Artemia: The Amazing Brine Shrimp
Artemia is a genus of aquatic crustaceans also known as brine shrimp. They are the only genus in the family Artemiidae and they have some remarkable features that make them useful for aquaculture, research and entertainment. In this article, we will explore some of the biology and ecology of Artemia, as well as their applications and benefits.
Biology and Ecology of Artemia
Artemia are small arthropods with a segmented body and broad leaf-like appendages. They usually measure about 8-12 mm in length and 4 mm in width, including the legs. They have 19 body segments, the first 11 of which have pairs of appendages, the next two which are often fused together carry the reproductive organs, and the last segments lead to the tail.
Artemia are found worldwide in inland saltwater lakes, but not in oceans. They can live in waters of very high salinity (up to 25%) and avoid most predators by this adaptation. They feed on microalgae, bacteria and organic detritus, and can tolerate a wide range of environmental conditions such as temperature, oxygen level and pH.
The most remarkable feature of Artemia is their ability to produce dormant eggs, known as cysts, which can survive harsh conditions for long periods of time. These cysts are encased in a protective shell and can withstand desiccation, freezing, high temperature and UV radiation. When the conditions become favorable again, the cysts hatch into free-swimming nauplii that can grow into adults in a few weeks.
Applications and Benefits of Artemia
Artemia have many uses and advantages for different purposes. Some of them are:
- Aquaculture: Artemia nauplii are the most widely used live food for larval fish and crustaceans in aquaculture. They are nutritious, easy to hatch, convenient and available year-round. Annually, over 2000 metric tons of dry Artemia cysts are marketed worldwide for on-site hatching into nauplii. Artemia biomass can also be used as a feed ingredient for adult fish and shrimp.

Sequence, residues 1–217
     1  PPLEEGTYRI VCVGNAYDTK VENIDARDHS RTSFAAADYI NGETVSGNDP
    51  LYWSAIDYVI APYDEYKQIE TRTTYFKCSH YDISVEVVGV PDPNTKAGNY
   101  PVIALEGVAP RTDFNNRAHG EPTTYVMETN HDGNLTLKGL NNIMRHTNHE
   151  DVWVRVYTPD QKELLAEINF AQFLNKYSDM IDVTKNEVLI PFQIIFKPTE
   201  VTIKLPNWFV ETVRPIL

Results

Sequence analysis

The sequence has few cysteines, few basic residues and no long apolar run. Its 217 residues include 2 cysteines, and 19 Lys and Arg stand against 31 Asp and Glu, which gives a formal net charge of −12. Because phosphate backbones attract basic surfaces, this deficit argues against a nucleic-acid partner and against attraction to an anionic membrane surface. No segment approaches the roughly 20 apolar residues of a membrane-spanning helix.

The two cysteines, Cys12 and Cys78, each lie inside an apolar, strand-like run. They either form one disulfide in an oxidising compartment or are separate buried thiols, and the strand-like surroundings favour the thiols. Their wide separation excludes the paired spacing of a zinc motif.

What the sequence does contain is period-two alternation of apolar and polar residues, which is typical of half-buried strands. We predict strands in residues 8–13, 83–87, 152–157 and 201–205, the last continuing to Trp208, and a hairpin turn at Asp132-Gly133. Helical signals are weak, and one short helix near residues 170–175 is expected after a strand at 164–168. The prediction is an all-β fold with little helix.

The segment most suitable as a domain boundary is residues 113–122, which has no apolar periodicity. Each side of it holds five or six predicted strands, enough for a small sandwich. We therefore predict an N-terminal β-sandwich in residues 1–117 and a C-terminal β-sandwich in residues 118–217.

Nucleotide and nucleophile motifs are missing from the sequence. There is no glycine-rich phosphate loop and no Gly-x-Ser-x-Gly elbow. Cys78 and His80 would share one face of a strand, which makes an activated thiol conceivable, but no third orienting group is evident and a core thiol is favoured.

- Research: Artemia are ideal animals for biological toxicity assays and genetic studies. They have a simple genome, a short life cycle, a high reproductive rate and a high sensitivity to chemicals. They can be used to test the toxicity of pollutants, drugs, pesticides and other substances on aquatic organisms. They can also be used as model organisms for studying gene expression, development and evolution.
- Entertainment: Artemia are sold as novelty gifts under the marketing name Sea-Monkeys . They are popular among children and adults who enjoy watching them grow and swim in small aquariums. They can also be colored with food dye or genetically modified to produce fluorescent proteins.
Artemia are amazing brine shrimp that have fascinated humans for centuries. They have unique biological and ecological characteristics that make them valuable for various fields and industries. They are also fun and easy to keep as pets or hobbies.